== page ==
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Helping Family Businesses
Prosper Across Generations®

Conflicts of Interest

By John L. Ward, Ph.D.

Case A: The family business is a large employer in a fairly remote, relatively small town. A family shareholder joins one of the two important advertising agencies in town. Should she get some of her family business’ advertising business?

Owner-Manager Non-Employed Family Owner

I’m really uncomfortable with this prospect. I feel pressure from our parents to give her more of our business. But I worry about what if she doesn’t do a good job?

What do you mean? Who could do better? Who cares more? Who could know the business as intimately as I do? Don’t you think I can do a good job? Are you just trying to make life easier for yourself?

I think it puts the non-family managers in an awkward spot.

Because of my connection to the family business if I don’t get the business people may infer I’m incompetent.

Case B: The family business is a successful manufacturer. One of the family members says he wants to run a sub-assembly as a separate business that he would own. He says he can do it cheaper and better and will only take some of the savings as profit in a new company he proposes for himself.

Owner-Manager Non-Employed Family Owner

I think that puts us in a real conflict. We would be dependent on you, and after a while, you could price the unit however you want.

All I’m asking for is a chance to prove I can save the company a lot of money and a chance to prove myself in a business. After all I can’t get the CEO job there. You have it!

I think it puts non-family managers in an awkward spot.

Don’t I deserve some breaks as a faithful shareholder?

 

Like all conflict-of-interest situations there’ a lot of gray. And, of course, family has the instinct to help family and to feel help is deserved. Besides,it is good for the family business to have as many “connected” family shareholders as possible. In Case A we’re tempted to be empathetic with the family member in the advertising business. Her vocation is sincere; her options are limited; and she’s paying a price by losing other opportunities because she’s a family member and wants to live in her home town.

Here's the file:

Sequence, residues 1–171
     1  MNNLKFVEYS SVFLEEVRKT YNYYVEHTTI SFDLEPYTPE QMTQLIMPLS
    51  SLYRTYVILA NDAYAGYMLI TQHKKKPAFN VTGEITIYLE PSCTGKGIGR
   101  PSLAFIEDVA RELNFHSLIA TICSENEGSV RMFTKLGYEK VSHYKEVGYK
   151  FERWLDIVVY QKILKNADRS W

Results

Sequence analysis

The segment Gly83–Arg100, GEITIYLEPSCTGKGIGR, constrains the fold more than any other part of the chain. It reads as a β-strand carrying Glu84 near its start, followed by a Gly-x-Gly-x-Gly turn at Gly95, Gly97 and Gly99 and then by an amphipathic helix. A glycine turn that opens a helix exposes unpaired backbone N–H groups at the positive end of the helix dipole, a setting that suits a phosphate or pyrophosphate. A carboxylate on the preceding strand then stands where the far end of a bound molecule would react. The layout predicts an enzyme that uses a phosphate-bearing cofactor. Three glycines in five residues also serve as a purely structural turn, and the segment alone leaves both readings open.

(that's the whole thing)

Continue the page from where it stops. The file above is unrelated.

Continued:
In Case B we probably side against the guy wanting to subcontract. He could do it from within and his proposition creates a lot of dependency between him and the family’s business. There are several legitimate issues that the family owners need to always be aware of:

  • What if it doesn’t work out?
  • How does it affect the perceptions and professionalism of the non-family managers and employees?
  • How does it affect the family business’ future options (i.e., to sell, to go public, to change technologies or product design)?
  • What precedent does it establish for other family members to do business with the family business?

While there are probably no clear-cut, absolute rules on such matters, we suggest you consider the following criteria:

  • What are the intentions of the requestor? To pursue their chosen profession or to strike out on their own? Does the requestor feel “entitled” or is it just a coincidence of overlapping interests?
  • Where does the bargaining power end up? The family’s business should keep its options and flexibilities. The family’s business, after all, serves the greater whole.
  • How well can the arrangement be conducted on an arm’s length basis? Are competitive bids possible? Are the results expected able to be pre-established and objectively monitored?
  • Is an increasing dependence created? Or can the family supplier promise in good faith that he or she will make every effort to reduce his or her dependency over time?

In the best of all worlds, conflicts of interest should be avoided. The risks can be painful and unnecessary.

But the world is not always that simple. We do encourage you to review all such circumstances openly, annually. The sooner that process starts, the easier future communications will be. We also encourage you to make the terms and conditions as explicit as possible and share them openly with the other family shareholders, the non-family management, the independent directors on your board, and your professional advisors. The less comfortable you are with complete openness, the more likely you are to be approaching difficult problems.

 

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